Here’s the thing. The analysis is simple.
I don’t think I really need to justify this much more than that: three quadrants in that table are fine places to be, the fourth is really, really bad. Don’t be in the bottom left quadrant. The only way to be sure we aren’t in the bottom left quadrant is to be in the top row: we must act.
The argument against action is that we are in the top right quadrant: action would harm companies needlessly. There’s some truth to that. However, we would also be creating entire new industries, so even in the worst case, the harm is considerably overstated.
Of course, the real problem with that argument is that the evidence strongly suggests that the world we live in is actually in the left column: climate change is real. As such, no matter the cause, we need to do what we can to combat it. But since there are a bunch of people who seem eager to remain ignorant, I’ll share some data for you. The historical record is unambiguous. There’s been a recent and extreme rise in global temperatures.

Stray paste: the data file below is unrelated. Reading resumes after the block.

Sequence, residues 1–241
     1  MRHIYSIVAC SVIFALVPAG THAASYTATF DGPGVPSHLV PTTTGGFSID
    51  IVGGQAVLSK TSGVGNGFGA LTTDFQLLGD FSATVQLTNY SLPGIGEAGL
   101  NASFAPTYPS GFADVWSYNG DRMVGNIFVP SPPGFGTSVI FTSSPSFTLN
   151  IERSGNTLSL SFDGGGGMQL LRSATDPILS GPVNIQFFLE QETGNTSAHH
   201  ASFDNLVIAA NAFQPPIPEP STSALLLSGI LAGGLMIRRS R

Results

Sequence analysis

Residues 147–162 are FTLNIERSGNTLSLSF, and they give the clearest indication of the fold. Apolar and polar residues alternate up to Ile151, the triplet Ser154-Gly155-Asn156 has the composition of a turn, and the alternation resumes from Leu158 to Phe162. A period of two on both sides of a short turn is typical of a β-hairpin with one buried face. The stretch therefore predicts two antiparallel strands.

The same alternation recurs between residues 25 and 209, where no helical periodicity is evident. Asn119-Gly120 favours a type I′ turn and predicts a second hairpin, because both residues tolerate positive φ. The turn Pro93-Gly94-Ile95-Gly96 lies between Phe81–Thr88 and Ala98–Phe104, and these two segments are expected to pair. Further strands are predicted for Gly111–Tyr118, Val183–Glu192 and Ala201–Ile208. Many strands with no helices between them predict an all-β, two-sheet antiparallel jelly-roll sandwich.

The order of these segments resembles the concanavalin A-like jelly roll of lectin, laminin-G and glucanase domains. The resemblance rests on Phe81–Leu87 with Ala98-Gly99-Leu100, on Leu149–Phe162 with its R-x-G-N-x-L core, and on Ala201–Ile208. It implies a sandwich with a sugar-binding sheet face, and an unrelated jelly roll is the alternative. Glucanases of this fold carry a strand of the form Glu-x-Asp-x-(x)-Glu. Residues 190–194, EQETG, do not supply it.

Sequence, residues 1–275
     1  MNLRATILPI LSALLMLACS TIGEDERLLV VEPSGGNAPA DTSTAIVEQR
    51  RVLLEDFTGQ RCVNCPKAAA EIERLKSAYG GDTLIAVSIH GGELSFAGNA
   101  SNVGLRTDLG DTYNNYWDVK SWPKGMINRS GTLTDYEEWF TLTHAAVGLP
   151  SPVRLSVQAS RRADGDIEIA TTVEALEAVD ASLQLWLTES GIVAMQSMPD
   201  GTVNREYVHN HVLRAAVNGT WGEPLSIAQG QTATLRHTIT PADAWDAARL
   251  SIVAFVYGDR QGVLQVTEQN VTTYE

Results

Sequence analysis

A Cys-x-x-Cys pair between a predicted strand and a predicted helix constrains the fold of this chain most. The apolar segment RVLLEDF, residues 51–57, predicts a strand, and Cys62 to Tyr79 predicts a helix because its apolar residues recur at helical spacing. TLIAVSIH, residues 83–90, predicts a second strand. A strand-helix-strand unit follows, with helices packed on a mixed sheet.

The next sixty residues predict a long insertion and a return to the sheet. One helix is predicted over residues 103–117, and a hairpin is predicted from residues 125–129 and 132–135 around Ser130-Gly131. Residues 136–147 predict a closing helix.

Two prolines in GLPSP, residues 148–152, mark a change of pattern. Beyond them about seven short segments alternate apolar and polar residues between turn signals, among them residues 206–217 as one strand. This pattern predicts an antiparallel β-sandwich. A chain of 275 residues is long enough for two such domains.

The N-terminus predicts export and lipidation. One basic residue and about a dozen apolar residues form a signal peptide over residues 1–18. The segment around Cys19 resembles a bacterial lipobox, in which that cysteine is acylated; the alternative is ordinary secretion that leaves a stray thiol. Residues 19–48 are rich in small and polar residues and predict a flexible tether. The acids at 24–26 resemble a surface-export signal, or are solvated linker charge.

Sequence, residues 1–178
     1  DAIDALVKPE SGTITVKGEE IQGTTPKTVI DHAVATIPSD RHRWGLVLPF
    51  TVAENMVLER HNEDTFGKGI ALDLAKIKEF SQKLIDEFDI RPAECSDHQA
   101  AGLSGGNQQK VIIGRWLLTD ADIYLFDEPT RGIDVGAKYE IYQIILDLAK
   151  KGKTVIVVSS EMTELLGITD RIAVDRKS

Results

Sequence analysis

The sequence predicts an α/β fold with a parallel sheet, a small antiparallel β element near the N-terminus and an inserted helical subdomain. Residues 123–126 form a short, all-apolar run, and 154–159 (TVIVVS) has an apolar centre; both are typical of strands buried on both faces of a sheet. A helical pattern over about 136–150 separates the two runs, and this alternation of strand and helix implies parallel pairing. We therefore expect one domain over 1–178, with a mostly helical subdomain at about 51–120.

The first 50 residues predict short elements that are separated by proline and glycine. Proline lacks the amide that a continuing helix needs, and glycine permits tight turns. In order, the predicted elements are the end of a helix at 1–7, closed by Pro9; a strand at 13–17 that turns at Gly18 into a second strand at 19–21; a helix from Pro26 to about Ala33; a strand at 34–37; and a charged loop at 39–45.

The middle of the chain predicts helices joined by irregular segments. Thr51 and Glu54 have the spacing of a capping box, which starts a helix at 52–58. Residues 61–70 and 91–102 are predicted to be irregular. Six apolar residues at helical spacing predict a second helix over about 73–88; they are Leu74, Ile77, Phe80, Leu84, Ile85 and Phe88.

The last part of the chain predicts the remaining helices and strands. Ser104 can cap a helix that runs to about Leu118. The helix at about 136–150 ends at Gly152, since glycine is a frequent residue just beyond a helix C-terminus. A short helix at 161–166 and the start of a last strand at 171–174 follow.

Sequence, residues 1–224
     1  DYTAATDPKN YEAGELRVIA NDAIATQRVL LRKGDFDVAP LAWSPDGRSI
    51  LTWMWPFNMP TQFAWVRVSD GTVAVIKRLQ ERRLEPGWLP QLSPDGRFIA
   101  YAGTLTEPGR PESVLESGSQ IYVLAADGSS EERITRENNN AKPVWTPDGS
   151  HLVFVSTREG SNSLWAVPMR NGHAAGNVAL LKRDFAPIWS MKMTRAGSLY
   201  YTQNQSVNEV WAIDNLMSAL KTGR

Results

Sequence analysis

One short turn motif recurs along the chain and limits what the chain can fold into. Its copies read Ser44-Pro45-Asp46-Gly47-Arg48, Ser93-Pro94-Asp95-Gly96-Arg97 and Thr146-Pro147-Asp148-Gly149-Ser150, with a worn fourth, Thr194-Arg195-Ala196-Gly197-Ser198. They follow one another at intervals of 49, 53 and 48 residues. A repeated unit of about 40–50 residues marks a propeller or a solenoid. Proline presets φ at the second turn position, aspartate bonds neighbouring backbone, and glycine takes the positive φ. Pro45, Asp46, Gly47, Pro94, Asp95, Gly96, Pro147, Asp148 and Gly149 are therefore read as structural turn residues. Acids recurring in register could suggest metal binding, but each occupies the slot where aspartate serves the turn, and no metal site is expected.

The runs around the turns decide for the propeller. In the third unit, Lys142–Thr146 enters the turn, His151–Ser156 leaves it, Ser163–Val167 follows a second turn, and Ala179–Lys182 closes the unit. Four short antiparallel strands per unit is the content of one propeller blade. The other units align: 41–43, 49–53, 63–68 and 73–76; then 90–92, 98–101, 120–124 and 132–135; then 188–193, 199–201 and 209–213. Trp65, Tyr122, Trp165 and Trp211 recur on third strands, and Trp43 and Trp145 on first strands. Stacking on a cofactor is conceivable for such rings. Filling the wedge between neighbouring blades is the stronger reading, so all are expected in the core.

Since we started measuring in the 1880s, the surface temperature of the globe has skyrocketed:
Global temperature is strongly correlated with carbon dioxide levels. We’ve been dumping tons of carbon dioxide into the atmosphere.
And, if you’re in the mood, this wonderful little graphic from XKCD paints a strong picture.
…but, you know. The climate always changes, right? Let’s go to McDonald’s.